• A need thus exists for producing, in a single print operation, documents that have both variable text data and graphics data. A need also exists for producing such documents at a commercially acceptable throughput rate and at reasonable prices. [0007]
  • SUMMARY OF THE INVENTION
  • The present invention overcomes the limitations of the prior art by uniquely retrieving and processing data to produce documents in a single print operation that have both a variable text data component and a graphics data component. [0008]
  • The present invention involves data storage and retrieval in a manner that permits ready selection of a desired number of customers (or other database entrants) based on desired parameters. These parameters may include, but are not limited to or do not necessarily include, time, location, distance and/or other parameters. Retrieved data is a variable data file. This variable data file may be combined with non-variable data such as vendor information or other to form merged or otherwise combined documents. The merged documents may then be combined with a specified graphics file to achieve unique, targeted, high-quality graphics containing documents in a single print operation. [0009]
  • In one embodiment, the present invention includes a method of producing a printed document that comprises the steps of: retrieving from a database a plurality of entrants based on a given parameter to create a variable text data file; combining that variable text data file with a graphics file in such a manner as to create a plurality of electronic files that each contain data for one of said retrieved entrants and said graphics file; and printing, in a single print operation, each of the plurality of electronic files. [0010]
  • Various other embodiments of the present invention are discussed below. [0011]
  • The attainment of the foregoing and related advantages and features of the invention should be more readily apparent to those skilled in the art after review of the following more detailed description of the invention taken together with the drawings. [0012]
  • BRIEF DESCRIPTION OF THE DRAWINGS
  • FIG. 1 is a diagram of a representative marketing flier made in accordance with the present invention. [0013]
  • FIG. 2 is a diagram of a vendor template in accordance with the present invention. [0014]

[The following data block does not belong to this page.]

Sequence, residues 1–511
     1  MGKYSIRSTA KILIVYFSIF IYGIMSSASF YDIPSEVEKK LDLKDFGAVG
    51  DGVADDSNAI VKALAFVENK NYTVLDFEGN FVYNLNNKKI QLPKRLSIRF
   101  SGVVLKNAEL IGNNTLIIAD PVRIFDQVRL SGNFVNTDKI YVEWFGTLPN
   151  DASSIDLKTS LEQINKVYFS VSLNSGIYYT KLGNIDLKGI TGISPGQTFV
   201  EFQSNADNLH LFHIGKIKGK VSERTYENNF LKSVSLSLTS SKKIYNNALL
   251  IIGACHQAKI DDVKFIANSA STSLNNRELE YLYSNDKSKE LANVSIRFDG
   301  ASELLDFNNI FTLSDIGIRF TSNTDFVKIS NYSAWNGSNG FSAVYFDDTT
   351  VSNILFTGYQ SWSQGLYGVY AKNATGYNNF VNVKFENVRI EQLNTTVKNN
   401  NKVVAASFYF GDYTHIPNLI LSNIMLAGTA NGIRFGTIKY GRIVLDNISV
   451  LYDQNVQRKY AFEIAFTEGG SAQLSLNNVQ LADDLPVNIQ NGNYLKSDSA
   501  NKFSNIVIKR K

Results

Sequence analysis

• FIG. 3 is a diagram of a customer data table retrieved from a customer database in accordance with the present invention. [0015]
  • FIG. 4 is a flow diagram of data extraction from a database in accordance with the present invention. [0016]
  • FIG. 5 is a schematic diagram of a system for retrieving data and printing a document having variable text data and graphics data in accordance with the present invention [0017]
  • FIG. 6 is a flow diagram for a method of printing a document containing variable text data and graphics data in accordance with the present invention. [0018]
  • FIG. 7 is a diagram of one example of both human and machine-executable steps involved in producing a document having variable text data and graphics data in accordance with the present invention.[0019]
  • DETAILED DESCRIPTION
  • The present invention may be implemented or manifested in many ways. One of these is in producing targeted sales or “marketing” fliers that are made for client vendors for promoting goods or services to targeted customers. By way of example and for pedagogical purposes, a first implementation is now presented in which a flier is produced for use in selling automobiles to individuals emerging from bankruptcy. Rebuilding credit is a primary concern for these individuals and buying a car on credit is a well recognized manner of rebuilding credit. [0020]
  • Referring to FIG. 1, a diagram of a representative marketing flier [0021] 10 made in accordance with the present invention is shown. Flier 10 includes graphics elements 12-14, a variable data block containing customer data 16 and a vendor or dealer block containing dealer information 18. While flier 10 is for selling vehicles to targeted customers it should be recognized that this is merely one of many arrangements and/or uses of the present invention.